Next, we need to add a sub-domain to our domain name. At the beginning of the domain name we pasted into the Alternate Domain Names (CNAMEs) field, type "cdn" and 4-6 additional numbers or characters followed by a period. The reason we need to add additional characters after "cdn" is to ensure that our domain name is unique. CloudFront distributions take a while to spin up and spin back down, and we don't want to run into any naming conflicts by accidentally using the same combination of numbers and characters as another user. Once you've finished creating your domain name, copy it and save it. We'll need it later when we configure our Route 53 record sets.

Before we create the distribution, let's review some of the CloudFront configuration options we're not going to be using in this lab.

Origin Settings

  • Origin Custom Headers
    • Allows us to specify values or specific header names to be included in each request to the CloudFront origin
  • Restrict Bucket Access
    • Can be used to prevent users from accessing the static site directly by only allowing them access to the CloudFront distribution

Default Cache Behavior Settings

  • Viewer Protocol Policy
    • Can be set to:
    • Allow HTTP and HTTPS
    • Redirect HTTP to HTTPS
    • Only allow HTTPS
  • Allowed HTTP Methods
    • Can be configured to allow some or all of the following HTTP methods: GET, HEAD, OPTIONS, PUT, POST, PATCH, DELETE
  • Minimum/Maximum/Default TTL (Time to Live)
    • Determine how long items will be cached in CloudFront

Distribution Settings

  • Price Class
    • Can be used to configure pricing options for your CloudFront distribution
    • Several options that determine overall cost and performance
  • SSL Certificate
    • Can be used to set up HTTPS on your CloudFront distribution

In the future, you may want to adjust these settings when you build websites in AWS. But for the purposes of this lab, we'll leave them alone.

Make sure the CNAME you created is copied to your clipboard, and then click Create Distribution. As we mentioned earlier, CloudFront distributions take a while to spin up, so this step could take a little while (around 10-20 minutes).

Configuring a DNS Record Set in Route 53

While we're waiting for our CloudFront distribution to finish launching, let's start setting up our DNS record set. Switch to your Route 53 Mangement Console browser tab, and click the name of the domain: cmcloudlab278.info. On the Hosted Zone page, you should see two records: one NS record and one SOA record. If you see any other records in this list, delete them.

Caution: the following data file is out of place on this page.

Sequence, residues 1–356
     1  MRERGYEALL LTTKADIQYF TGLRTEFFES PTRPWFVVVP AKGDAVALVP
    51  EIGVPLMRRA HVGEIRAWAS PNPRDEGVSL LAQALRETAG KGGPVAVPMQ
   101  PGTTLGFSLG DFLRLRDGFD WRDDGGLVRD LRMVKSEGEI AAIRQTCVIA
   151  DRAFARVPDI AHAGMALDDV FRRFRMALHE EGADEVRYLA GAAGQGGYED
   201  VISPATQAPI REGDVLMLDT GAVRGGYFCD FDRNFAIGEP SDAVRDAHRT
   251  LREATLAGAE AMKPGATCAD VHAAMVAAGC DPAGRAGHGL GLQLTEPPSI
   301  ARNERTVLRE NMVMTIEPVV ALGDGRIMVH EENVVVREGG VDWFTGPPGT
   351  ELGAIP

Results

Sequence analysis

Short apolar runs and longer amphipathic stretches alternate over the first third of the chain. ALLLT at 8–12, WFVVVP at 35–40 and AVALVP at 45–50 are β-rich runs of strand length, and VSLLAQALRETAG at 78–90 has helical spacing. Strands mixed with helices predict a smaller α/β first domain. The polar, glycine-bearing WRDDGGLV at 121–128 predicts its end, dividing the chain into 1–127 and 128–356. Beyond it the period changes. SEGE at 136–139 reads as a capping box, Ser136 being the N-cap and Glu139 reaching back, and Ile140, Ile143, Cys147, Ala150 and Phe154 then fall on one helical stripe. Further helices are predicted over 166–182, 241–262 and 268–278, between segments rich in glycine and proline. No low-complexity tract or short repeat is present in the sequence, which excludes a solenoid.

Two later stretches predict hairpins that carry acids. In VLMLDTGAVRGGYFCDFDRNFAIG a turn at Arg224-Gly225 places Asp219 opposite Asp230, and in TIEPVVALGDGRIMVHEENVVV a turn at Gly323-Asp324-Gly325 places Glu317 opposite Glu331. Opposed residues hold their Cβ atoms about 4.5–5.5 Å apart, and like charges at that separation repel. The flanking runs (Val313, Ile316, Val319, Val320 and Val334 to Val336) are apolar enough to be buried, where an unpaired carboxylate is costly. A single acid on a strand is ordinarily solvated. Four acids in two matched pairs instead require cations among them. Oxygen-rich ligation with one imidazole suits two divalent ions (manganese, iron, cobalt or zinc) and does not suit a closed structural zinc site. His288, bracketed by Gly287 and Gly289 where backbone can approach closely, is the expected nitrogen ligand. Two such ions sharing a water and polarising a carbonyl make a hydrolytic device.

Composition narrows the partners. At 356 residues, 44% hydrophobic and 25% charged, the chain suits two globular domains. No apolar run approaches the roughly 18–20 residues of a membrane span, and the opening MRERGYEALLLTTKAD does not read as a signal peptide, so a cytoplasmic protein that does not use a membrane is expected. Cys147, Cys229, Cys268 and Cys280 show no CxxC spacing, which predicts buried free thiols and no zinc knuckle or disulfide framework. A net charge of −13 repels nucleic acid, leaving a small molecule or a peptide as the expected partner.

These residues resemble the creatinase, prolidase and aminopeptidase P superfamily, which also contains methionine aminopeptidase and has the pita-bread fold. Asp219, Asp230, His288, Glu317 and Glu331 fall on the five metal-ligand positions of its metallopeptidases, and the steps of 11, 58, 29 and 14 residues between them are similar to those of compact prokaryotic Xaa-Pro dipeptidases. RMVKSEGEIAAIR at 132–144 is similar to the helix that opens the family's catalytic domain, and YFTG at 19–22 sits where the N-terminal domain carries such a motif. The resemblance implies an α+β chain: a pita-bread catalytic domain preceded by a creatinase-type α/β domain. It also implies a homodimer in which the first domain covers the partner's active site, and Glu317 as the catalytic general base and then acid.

Click the Create Record Set button at the top of the screen. In the Name field on the right side of the page, enter the same unique identifier we added to the beginning of our CloudFront CNAME earlier. For example, if your CloudFront CNAME is cdn5431.cmcloudlab278.info, enter "cdn5431" here. Next, click into the Type field, and select A - IPv4 address from the dropdown menu. For Alias, select the Yes option. Then, click into the Alias Target field. In the dropdown menu, select our CloudFront distribution name from the list under the CloudFront distributions header. Don't worry if it hasn't finished provisioning yet; we can still select it as an alias target before it's ready. If you don't see our CloudFront distribution in the dropdown list, verify that the record set name and CloudFront CNAME are an exact match — if they aren't, you won't be able to set the CloudFront distribution as an alias target. Once you've finished configuring these settings, click the Create button at the bottom of the screen. This will associate the sub-domain of our domain to the CloudFront distribution and help us direct traffic successfully.

Go back to the CloudFront Management Console page and copy the CNAME from the distribution list (you may have to resize the columns if you're having trouble accessing the full URL). Next, open a new browser tab and paste the CNAME into the address bar. Press Enter. You may receive an error that says the site cannot be reached. This means your CloudFront distribution is not finished deploying. If this happens, go back to the CloudFront Management Console page and wait until the Status changes from In Progress to Deployed. Then try loading the page again.

This time, you should see a different error that says we're being denied access at the root level. Add "/myindexpage.html" to the end of the URL and press Enter again. Now you should see a plain-text message instead of an error. This means that we have access to the static website at our CloudFront distribution.

Conclusion

In this lab, we successfully configured a CloudFront distribution, created a static website that can serve up content through a CloudFront distribution, and configured CloudFront's DNS record in Route 53 so that it points to a CloudFront distribution when users go to a custom domain name.

Congratulations, you've completed this lab!